Rep. Joe Neguse (D-Colo.) launched a bid on Monday to lead the Democrats’ messaging arm in the next Congress, ending his pursuit of the caucus chairmanship and clearing the way for Rep. Pete Aguilar (D-Calif.) to fill that spot next year. 

Neguse, who is currently one of four co-chairs of the House Democratic Policy and Communications Committee (DPCC), is seeking to become the lone chairman of that panel next year — a new position the party is expected to create as part of the internal rules changes governing the 118th Congress.

The position was not his first choice. 

Neguse, whose star rose last year when he was named to the team leading the second impeachment of then-President Trump, had initially sought to replace Rep. Hakeem Jeffries (N.Y.) as head of the House Democratic Caucus, announcing his candidacy for that spot shortly after the Nov. 8 midterms. At that time, it was well known that Aguilar was eyeing the No. 3 assistant leader position, behind Jeffries and Rep. Katherine Clark (D-Mass.), if there was a post-election shake-up at the highest tiers of the party — a shake-up that materialized last week when Speaker Nancy Pelosi (D-Calif.) and Majority Leader Steny Hoyer (D-Md.) announced they were stepping out of leadership after two decades. 

But Neguse’s plan hit a wall when Rep. Jim Clyburn (S.C.), the Democratic whip, announced his intent to remain in leadership, launching a bid for the assistant leader spot. That surprise move led Aguilar to pursue the caucus chairman position — and forced Neguse to seek the DPCC seat.

The reshuffling of candidates was accompanied by an imminent restructuring of the party brass. The last time the Democrats were in the minority, the assistant leader was the No. 3 spot, and caucus chair was No. 4. Under the new order next year, those rankings will be flipped.

Pelosi all but solidified next year’s leadership team when she endorsed Jeffries, Clark and Aguilar for the top three spots. Neguse’s decision to seek the DPCC chair, and not challenge Aguilar for caucus chair, means that all of the top three candidates are so far running unopposed.  

In a letter sent Monday to fellow Democrats, Neguse, 38, a four-term veteran and member of the Congressional Black Caucus, said he’ll bring his experience representing a sprawling district outside Denver to help the party better convey its message to voters. 

“As a son of immigrants, the first Black Congressperson elected by the State of Colorado, and as someone who represents a large rural and suburban district, with agricultural communities extending all the way to the Wyoming border, I’ve long worked hard to effectively communicate to a broad constituency,” he wrote.

"I’ve adopted that same approach as a member of House Leadership,” he continued, “ensuring that voices from across our caucus and the ideological spectrum are elevated and included in our legislative agenda and messaging."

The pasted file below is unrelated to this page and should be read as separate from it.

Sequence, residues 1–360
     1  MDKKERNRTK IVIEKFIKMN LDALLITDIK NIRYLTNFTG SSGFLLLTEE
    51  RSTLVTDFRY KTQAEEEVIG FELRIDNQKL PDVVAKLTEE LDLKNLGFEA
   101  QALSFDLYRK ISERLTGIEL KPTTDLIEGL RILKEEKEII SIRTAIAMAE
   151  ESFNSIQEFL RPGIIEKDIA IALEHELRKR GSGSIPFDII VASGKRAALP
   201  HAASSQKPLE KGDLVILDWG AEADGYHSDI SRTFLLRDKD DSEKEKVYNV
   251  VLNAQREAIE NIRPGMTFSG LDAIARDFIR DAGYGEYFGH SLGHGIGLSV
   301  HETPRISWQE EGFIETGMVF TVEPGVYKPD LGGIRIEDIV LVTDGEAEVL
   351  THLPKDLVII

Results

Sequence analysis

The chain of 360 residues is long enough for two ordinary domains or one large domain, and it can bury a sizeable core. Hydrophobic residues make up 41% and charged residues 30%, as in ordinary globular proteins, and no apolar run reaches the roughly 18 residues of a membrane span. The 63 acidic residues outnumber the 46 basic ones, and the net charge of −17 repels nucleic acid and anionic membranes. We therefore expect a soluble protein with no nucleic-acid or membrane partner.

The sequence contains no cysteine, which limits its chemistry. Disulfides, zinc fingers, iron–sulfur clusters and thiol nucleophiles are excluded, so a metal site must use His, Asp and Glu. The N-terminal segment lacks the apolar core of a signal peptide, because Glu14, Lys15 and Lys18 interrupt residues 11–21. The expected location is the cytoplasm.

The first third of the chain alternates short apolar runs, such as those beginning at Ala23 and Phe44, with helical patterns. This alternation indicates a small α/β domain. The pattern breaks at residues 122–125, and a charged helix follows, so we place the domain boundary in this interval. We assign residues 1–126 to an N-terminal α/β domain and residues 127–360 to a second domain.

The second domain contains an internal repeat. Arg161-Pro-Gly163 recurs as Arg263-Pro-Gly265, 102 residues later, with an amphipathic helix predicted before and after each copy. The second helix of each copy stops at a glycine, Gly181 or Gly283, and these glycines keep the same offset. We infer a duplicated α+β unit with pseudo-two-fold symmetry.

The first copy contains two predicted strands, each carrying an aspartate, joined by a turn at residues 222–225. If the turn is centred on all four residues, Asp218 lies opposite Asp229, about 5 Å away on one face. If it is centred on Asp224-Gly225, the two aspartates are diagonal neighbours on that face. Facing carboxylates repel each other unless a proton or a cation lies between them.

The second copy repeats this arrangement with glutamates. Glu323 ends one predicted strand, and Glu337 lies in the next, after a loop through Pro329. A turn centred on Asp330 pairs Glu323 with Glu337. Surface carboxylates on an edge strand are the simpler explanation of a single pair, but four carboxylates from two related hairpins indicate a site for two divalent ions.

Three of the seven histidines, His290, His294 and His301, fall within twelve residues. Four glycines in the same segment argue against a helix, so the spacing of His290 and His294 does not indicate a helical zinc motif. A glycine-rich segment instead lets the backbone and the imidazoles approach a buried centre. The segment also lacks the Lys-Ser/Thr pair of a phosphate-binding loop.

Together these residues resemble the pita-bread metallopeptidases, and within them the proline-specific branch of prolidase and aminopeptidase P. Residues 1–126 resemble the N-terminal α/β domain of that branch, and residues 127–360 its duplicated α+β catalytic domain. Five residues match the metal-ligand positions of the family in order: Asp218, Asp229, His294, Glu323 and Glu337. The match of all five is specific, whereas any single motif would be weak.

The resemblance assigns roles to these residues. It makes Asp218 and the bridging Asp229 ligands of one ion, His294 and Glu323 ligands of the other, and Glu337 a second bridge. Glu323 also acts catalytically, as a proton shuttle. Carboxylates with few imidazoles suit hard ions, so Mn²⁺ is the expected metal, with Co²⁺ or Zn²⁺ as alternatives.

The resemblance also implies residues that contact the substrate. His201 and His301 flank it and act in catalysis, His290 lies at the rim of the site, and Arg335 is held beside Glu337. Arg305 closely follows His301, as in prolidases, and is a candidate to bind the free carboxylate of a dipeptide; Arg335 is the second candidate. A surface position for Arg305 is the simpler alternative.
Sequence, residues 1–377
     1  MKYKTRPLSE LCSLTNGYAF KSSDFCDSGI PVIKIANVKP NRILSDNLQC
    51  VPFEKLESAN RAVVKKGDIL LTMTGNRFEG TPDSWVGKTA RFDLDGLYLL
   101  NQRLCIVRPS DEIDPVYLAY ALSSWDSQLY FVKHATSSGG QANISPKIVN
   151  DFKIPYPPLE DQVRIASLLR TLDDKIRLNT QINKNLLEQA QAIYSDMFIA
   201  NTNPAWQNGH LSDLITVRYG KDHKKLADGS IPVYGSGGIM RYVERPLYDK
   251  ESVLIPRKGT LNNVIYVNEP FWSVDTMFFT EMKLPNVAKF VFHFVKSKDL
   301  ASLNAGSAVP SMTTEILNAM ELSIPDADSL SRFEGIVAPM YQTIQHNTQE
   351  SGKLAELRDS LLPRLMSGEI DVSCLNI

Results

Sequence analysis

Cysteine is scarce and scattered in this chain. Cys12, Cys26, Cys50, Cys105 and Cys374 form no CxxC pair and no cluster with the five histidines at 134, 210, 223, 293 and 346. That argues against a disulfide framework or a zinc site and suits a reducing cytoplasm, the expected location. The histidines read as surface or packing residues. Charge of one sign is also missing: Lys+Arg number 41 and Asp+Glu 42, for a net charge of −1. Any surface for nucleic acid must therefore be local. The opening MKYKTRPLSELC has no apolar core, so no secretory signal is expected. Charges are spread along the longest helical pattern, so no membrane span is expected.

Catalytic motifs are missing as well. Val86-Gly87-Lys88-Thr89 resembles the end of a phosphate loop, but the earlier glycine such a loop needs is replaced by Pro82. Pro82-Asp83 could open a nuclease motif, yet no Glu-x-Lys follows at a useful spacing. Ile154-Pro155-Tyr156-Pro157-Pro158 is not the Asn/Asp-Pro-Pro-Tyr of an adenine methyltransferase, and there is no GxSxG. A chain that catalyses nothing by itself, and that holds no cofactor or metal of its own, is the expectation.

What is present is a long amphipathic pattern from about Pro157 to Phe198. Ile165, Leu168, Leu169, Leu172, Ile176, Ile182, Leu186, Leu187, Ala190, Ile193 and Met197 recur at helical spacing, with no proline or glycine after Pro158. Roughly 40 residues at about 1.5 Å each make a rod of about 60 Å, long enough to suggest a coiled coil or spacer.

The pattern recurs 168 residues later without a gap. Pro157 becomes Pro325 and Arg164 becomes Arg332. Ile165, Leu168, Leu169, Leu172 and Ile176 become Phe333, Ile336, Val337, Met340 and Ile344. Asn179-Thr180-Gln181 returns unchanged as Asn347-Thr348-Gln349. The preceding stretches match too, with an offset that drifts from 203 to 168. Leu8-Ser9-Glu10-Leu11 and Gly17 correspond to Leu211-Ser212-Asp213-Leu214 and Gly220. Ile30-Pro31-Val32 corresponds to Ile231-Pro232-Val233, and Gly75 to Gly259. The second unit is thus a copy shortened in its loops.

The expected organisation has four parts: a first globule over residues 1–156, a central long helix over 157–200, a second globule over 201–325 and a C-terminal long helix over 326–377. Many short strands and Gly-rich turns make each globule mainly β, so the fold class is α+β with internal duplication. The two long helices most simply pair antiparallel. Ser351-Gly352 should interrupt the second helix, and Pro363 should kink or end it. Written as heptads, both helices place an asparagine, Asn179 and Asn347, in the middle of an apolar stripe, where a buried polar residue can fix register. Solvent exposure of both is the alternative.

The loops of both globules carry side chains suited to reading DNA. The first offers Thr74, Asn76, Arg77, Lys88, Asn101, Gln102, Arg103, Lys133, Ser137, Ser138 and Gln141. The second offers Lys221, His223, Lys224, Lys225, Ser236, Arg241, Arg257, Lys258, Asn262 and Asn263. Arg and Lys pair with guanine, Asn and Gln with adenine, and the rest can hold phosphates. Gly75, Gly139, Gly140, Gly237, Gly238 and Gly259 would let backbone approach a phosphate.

The Democrats’ leadership elections are scheduled for next week, when Congress returns to Washington from the Thanksgiving holiday.

Five takeaways as the Pelosi era ends

Speaker Nancy Pelosi’s (D-Calif.) momentous decision to step down from Democratic leadership marks a watershed moment in Washington politics, sending tremors across a Congress where she’s guided her party for the last two decades.

The development carries broad implications for the workings of Capitol Hill, promising to pave the way for a younger generation of Democratic leaders, who will take over with Republicans controlling the House, while altering the image of the party after 20 years with Pelosi at the helm.

Here are five takeaways as the Pelosi era is set to end.

A woman in charge 

Pelosi is a historic figure, becoming the most powerful elected woman in U.S. history when she assumed the Speakership in 2007, then repeated the feat again in 2019 after a long stint in the minority. It’s a distinction she still holds.

From that unique perspective, she championed bill after bill to advance women’s causes — including efforts this year to codify Roe vs. Wade following the Supreme Court’s decision to eliminate abortion rights. And Pelosi’s speech on Thursday from the House floor — where she introduced herself as not only Speaker, but “a wife, a mother, a grandmother” — was thick with references to the progress women have made since she was first elected 35 years ago — and the long strides that remain. 

“When I came to the Congress in 1987, there were 12 Democratic women. Now there are over 90,” she said. “And we want more.”

Pelosi’s legislative legacy is well known: She muscled through proposals as consequential as ObamaCare, the sweeping Wall Street reforms that followed the Great Recession and the massive climate package signed by President Biden this year. 

More than that, she carved a well-earned reputation for counting votes and convincing reluctant lawmakers to support controversial legislation, even when it damaged them politically. 

The combination made her among the most effective Speakers in U.S. history — and inspired women to follow her into politics.  

“She’s broken glass ceilings and been a true role model for generations of women — including myself,” said Sen. Tammy Duckworth (D-Ill.).  

A unifying speech 

Pelosi comes from a family steeped in the traditions of the Democratic Party — her father was a member of the House through much of the 1940s — and she can be fiercely partisan in her confrontations with Republicans on countless issues of politics and policy. But her speech on Thursday avoided the type of partisan fire breathing that’s become routine on Capitol Hill. 

Instead, Pelosi sought to meet the moment with a message of unity and high ideals, invoking legendary Republican figures like Daniel Webster and Abraham Lincoln to make the case that fighting for the country’s founding principles is a shared business.